ORTHOCHROMATIC OR ISOCHROMATIC PLATES.—Photographic plates prepared with a dye, either added to the emulsion previous to coating the glass, or applied in solution to the ordinary gelatino-bromide dry plate. By this means better and truer color gradation is obtained.
These plates may be obtained commercially, and are equally adapted for landscapes and for general work in the studio. They will keep equally as well as ordinary gelatine plates, they are quite easy to work, and owing to their color sensitiveness, give better gradation and a more truthful representation of natural objects in the light and shade of the photograph. These plates are made in three degrees of sensitiveness, i.e., "medium," "slow," and "instantaneous." The following instructions for use are given: These plates are more sensitive than ordinary plates to the usual red or yellow light of the dark room; therefore great care must be taken to use only a dull light of a deep ruby color, and to shield the plate as much as possible during the manipulations. It will be found a good plan to cover the dish until the development is nearly completed. An amount of light which would be perfectly safe with ordinary gelatine plates, is quite sufficient with these color-sensitive films to cause fog and spoil the negative.
Exposure.—These plates are extremely sensitive to ordinary daylight, and require very short exposure in the camera. If artificial light be used, such as gaslight, their relative sensitive ness will be found many times greater than the most rapid gelatine plates of the ordinary kind.
For photographing colored objects, such as oil paintings by daylight, it is sometimes advisable, in order to obtain to their fullest extent the isochromatic qualities of the plates, to use a color screen of yellow glass behind the lens, and proportionately increase the exposure. For ordinary purposes no screen is required. (See Orthochromatic Screen.) Development.—Any good formula for developer may be used. For pyro-development the following is recommended : When required to develop a plate, mix equal parts of these two solutions just before use ; place the exposed plate face up in a shallow dish or tray, and pour the mixture steadily over the plate, avoiding air bubbles ; rock the dish gently, taking care to keep the plate well covered with the solutions. Do hot hurry the development, but allow the plate to remain in the solution after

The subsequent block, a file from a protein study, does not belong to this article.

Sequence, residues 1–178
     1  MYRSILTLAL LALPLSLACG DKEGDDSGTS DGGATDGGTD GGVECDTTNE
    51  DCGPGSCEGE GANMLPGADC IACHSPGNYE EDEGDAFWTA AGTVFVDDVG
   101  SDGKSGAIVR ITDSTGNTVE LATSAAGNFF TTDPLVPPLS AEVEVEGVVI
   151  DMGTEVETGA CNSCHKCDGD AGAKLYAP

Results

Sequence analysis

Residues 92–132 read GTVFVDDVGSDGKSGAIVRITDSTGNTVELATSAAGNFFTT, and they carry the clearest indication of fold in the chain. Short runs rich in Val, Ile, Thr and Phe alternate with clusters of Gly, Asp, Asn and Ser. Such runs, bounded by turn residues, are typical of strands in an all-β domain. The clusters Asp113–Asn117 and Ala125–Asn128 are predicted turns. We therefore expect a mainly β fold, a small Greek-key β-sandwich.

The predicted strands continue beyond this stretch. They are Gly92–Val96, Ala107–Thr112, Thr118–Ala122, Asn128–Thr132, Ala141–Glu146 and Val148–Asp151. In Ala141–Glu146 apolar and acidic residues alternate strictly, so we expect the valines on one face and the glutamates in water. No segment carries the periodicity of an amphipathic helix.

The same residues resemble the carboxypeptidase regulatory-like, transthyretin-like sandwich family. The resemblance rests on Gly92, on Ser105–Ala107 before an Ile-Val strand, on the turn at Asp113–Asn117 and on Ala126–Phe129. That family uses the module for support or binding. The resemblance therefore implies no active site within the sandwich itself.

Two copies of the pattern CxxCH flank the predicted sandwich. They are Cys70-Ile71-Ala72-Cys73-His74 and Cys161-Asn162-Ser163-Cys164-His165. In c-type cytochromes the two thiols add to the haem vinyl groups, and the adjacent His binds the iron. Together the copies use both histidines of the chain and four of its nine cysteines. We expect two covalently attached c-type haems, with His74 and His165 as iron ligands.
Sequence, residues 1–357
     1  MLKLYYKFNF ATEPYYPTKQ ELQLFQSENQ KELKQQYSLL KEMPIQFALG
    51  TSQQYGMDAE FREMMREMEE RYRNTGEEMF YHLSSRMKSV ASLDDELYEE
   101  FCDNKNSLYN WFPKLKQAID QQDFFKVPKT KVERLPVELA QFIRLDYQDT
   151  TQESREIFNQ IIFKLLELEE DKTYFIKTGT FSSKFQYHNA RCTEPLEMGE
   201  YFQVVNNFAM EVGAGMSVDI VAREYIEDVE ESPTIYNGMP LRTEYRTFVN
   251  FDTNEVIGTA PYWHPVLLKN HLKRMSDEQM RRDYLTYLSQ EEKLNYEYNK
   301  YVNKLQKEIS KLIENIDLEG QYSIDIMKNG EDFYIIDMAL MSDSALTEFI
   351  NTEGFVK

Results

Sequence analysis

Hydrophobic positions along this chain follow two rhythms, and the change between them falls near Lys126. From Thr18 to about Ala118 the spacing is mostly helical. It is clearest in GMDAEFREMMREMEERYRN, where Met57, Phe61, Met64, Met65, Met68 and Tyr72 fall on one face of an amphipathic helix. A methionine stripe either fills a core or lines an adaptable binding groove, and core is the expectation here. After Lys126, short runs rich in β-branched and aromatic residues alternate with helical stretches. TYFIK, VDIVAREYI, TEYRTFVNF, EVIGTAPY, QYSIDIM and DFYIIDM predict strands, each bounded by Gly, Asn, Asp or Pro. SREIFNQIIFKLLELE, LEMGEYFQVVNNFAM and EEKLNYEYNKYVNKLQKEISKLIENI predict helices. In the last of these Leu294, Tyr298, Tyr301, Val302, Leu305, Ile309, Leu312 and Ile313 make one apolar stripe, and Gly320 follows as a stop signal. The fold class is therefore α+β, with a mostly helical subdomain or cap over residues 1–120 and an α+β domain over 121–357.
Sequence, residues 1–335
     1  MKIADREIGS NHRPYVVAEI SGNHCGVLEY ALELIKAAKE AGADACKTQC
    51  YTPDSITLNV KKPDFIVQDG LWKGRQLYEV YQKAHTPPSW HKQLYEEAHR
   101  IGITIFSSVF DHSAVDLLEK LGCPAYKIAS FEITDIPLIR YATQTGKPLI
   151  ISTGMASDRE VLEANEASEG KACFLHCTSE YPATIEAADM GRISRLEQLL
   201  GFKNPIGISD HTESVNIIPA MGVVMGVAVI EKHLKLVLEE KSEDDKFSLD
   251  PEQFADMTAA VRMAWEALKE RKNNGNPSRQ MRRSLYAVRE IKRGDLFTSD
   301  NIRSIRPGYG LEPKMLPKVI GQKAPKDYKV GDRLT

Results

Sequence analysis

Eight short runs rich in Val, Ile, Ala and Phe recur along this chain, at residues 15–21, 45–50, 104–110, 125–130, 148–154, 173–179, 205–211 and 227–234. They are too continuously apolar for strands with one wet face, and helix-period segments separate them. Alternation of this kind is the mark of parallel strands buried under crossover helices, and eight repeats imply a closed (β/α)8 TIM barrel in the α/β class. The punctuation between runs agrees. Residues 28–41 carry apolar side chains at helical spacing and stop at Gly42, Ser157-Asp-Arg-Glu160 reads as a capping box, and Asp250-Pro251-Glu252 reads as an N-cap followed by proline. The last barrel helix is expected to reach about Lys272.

all the details are visible, until the required density is obtained. With these plates and the above developer there is no danger of fog, except from light or over-exposure.
Immerse the negative in the above, which should be freshly mixed.
Clearing fixing, rinse under the tap, then flood the plate or immerse for one minute in the following solution : Alum i ounce Sulphuric acid ounce Sulphate of iron 3 ounces Water 20 ounces Wash well and dry as usual.
Negatives on these plates develop without difficulty to full printing density. If found too intense they may be further reduced by allowing them to remain a longer time in the clearing solution.
Considerable advantage is to be obtained by using these plates both for portrait and land scape photography. In the latter the improvement is at once seen, not only in the corrected rendering of the detail in the foliage and foreground, but also in the general effect of correct light and shade with an atmosphere that would be ruinous in ordinary photography, wholly obliterating the distant background.
In a recent issue of Les Annales Photographiques, M. L. Tranchant gives some important additions to the subject of orthochromatism, and we translate extracts from his article to form a valuable addition to the series of articles upon the subject by Mr. P. C. Duchochois, which we recently published,* and who may fairly be said to be the propagator in this country of the ortho chromatic process. For many years past he has published numerous articles pointing out the advantages of orthochromatic plates over the ordinary ones for all classes of work, whether studio, landscape, or instantaneous.